7. From Lahore, Lala Lajpat Rai published a journal called Vande Mataram
  8. In 1905, Vande Mataram was recited in the first political film made by Hiralal Sen
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Composer of the Indian song


– Vande Mataram: National song of India

– Jana Gana Mana: National anthem of India

– Written by Bankim Chandra Chattopadhyay: Vande Mataram

Who Wrote the National Song of India: Commonly Asked Questions

Ans. The Indian National Song, ‘Vande Mataram’ was composed in Sanskrit by Bankimchandra Chatterji.

Q 2. When was the National Song of India first performed?

The National Song of India was first sung during the 1896 gathering of the Indian National Congress, marking a significant political event.

First person to sing the National Anthem of India?

Tagore’s niece, Sarala Devi Chowdhurani, sang the song, along with a few school students, in front of the gathering of the then INC president Bishan Narayan Dhar and other leaders such as Bhupendra Nath Bose and Ambika Charan Mazumder.

Composition date of the national song of India?

Praise You, Motherland” is a renowned poem composed by Bankim Chandra Chatterjee in the 1870s. Originally written in Sanskrit and Sanskritised Bengali, this patriotic piece gained significant recognition. In fact, its first two verses were officially adopted as the National Song of India in October 1937 by the Congress.

Which individual has created the highest number of songs in India?

Ilaiyaraaja, a renowned music composer, is often referred to as Raasayya and widely known as Isaignani. Over the years, he has created an impressive repertoire of more than 8,500 songs. His contributions to the Indian music industry are immense and highly valued.

Throughout his career spanning several decades, Ilaiyaraaja has composed music for various genres including film soundtracks, devotional songs, classical compositions, and folk tunes. His versatility is evident in the diverse range of melodies he has produced over time.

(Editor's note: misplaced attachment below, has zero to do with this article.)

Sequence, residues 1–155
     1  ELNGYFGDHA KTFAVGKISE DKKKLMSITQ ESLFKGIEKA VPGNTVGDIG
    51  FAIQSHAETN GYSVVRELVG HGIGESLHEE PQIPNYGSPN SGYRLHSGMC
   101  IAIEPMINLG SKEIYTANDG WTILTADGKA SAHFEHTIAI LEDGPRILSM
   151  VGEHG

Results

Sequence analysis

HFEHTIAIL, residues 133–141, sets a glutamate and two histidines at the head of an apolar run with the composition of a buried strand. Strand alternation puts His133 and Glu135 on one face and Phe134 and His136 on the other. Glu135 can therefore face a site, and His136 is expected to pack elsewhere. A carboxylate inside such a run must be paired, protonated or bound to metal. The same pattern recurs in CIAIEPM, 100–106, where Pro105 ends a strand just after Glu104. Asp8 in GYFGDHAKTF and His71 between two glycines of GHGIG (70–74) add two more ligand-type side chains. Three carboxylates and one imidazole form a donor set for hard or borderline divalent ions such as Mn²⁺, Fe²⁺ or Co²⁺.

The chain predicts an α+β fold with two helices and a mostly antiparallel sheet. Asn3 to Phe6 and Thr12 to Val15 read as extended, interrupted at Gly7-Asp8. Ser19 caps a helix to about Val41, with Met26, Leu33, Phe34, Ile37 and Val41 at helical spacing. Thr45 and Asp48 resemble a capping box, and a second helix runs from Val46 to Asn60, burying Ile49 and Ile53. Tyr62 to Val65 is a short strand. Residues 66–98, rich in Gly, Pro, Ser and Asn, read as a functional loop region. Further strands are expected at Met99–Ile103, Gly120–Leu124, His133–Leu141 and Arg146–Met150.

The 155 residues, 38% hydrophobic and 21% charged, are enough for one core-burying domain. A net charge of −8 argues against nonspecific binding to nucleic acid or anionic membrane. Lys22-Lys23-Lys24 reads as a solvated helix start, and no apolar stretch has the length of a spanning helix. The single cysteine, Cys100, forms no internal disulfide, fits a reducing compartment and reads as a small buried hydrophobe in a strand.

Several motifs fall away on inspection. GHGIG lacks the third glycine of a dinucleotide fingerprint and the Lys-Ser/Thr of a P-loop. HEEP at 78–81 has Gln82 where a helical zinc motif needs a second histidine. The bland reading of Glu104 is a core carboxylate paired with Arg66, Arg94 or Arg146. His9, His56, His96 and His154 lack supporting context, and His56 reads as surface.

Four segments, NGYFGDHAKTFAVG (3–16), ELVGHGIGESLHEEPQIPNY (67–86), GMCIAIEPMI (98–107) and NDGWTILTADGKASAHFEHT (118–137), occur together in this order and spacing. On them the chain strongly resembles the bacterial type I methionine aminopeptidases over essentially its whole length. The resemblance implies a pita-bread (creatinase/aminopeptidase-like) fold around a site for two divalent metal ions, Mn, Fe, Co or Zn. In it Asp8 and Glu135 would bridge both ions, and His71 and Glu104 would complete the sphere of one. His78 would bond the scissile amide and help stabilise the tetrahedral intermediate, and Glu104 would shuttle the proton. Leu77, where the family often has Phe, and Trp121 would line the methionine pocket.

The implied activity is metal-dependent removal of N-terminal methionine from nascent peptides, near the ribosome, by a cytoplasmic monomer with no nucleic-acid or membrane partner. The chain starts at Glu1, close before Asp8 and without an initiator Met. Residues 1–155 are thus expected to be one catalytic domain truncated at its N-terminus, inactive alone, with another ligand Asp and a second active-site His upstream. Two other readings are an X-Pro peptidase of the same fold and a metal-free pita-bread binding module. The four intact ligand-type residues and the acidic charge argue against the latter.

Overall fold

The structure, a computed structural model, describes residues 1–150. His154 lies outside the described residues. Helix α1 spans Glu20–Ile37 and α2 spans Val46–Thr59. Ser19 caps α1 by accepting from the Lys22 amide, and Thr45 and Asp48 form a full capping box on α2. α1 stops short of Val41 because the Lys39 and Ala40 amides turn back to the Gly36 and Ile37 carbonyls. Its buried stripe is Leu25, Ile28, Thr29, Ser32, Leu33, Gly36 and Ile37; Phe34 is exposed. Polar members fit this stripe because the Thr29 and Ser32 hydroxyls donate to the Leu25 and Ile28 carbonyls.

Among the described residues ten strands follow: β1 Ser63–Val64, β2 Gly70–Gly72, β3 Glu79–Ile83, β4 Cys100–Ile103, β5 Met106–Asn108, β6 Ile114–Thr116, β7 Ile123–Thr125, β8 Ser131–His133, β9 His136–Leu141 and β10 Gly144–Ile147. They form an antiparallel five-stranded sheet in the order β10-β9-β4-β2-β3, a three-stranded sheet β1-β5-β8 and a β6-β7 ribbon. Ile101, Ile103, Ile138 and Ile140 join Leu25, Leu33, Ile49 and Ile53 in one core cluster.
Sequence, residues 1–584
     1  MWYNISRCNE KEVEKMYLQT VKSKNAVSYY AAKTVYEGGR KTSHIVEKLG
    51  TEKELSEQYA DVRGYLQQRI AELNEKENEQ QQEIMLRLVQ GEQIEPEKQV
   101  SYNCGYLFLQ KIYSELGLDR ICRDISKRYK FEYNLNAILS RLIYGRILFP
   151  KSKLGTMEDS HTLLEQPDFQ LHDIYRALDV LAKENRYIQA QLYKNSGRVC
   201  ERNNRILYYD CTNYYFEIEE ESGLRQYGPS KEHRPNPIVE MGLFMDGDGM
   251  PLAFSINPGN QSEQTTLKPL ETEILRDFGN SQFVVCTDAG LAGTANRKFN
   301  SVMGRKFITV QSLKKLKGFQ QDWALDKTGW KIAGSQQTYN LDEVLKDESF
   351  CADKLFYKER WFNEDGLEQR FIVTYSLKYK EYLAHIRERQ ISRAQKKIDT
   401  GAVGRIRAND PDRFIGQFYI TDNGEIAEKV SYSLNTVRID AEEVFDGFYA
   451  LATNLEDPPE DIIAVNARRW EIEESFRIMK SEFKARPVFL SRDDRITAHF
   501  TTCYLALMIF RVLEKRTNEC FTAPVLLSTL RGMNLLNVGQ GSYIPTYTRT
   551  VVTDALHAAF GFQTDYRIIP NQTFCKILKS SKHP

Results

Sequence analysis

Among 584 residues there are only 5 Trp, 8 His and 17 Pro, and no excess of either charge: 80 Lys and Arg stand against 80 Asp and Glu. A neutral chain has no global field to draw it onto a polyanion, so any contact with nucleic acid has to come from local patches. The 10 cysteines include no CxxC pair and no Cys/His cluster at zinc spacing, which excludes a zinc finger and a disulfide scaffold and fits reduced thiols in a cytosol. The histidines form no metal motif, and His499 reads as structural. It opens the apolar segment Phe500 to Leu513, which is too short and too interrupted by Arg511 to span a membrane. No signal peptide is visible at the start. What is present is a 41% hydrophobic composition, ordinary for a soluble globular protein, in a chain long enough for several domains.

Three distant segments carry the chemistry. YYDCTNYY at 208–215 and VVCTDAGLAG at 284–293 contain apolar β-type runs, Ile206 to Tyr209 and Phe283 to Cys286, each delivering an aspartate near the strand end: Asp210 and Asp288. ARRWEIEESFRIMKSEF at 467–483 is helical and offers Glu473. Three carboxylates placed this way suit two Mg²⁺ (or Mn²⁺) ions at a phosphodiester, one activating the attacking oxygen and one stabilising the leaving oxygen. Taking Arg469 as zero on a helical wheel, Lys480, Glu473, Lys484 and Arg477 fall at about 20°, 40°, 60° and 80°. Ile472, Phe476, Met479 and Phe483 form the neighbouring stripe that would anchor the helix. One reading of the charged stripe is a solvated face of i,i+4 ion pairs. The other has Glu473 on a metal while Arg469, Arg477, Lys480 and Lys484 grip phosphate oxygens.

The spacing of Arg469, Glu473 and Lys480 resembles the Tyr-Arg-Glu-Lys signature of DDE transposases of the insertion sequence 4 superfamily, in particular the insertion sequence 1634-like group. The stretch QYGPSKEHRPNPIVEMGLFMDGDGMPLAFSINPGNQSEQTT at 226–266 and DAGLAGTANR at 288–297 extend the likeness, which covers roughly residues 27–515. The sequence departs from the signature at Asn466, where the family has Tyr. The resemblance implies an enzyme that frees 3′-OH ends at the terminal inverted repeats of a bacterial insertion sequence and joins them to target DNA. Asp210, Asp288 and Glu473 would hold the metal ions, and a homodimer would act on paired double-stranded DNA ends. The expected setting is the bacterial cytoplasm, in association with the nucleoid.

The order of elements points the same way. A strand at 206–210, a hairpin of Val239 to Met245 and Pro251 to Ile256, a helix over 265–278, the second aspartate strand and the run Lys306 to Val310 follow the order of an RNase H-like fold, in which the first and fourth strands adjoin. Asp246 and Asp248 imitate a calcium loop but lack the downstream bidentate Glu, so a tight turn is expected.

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What is India’s national song?

Bankim Chandra Chattopadhyay composed “Vande Mataram” as a hymn to honor Mother India. The words beautifully depict the love and reverence for the nation, invoking a sense of pride and unity among Indians. It became an anthem during the freedom struggle against British colonial rule, inspiring countless individuals to fight for independence.

The number of national songs in India

Although both Jana Gana Mana and Vande Mataram represent patriotic sentiments within Indian society, their usage differs on various occasions. Jana Gana Mana is primarily sung during formal events such as government functions or international gatherings where representing national identity is crucial. On the other hand, Vande Mataram is often performed during cultural programs or public rallies to invoke a sense of collective pride among Indians.

The origins of the national anthem

Vande Mataram is a patriotic song that was instrumental in the Indian independence movement. Rabindranath Tagore sang it for the first time in a political context at the 1896 session of the Indian National Congress. The first two verses of the song were designated as India’s official “National Song” in 1950.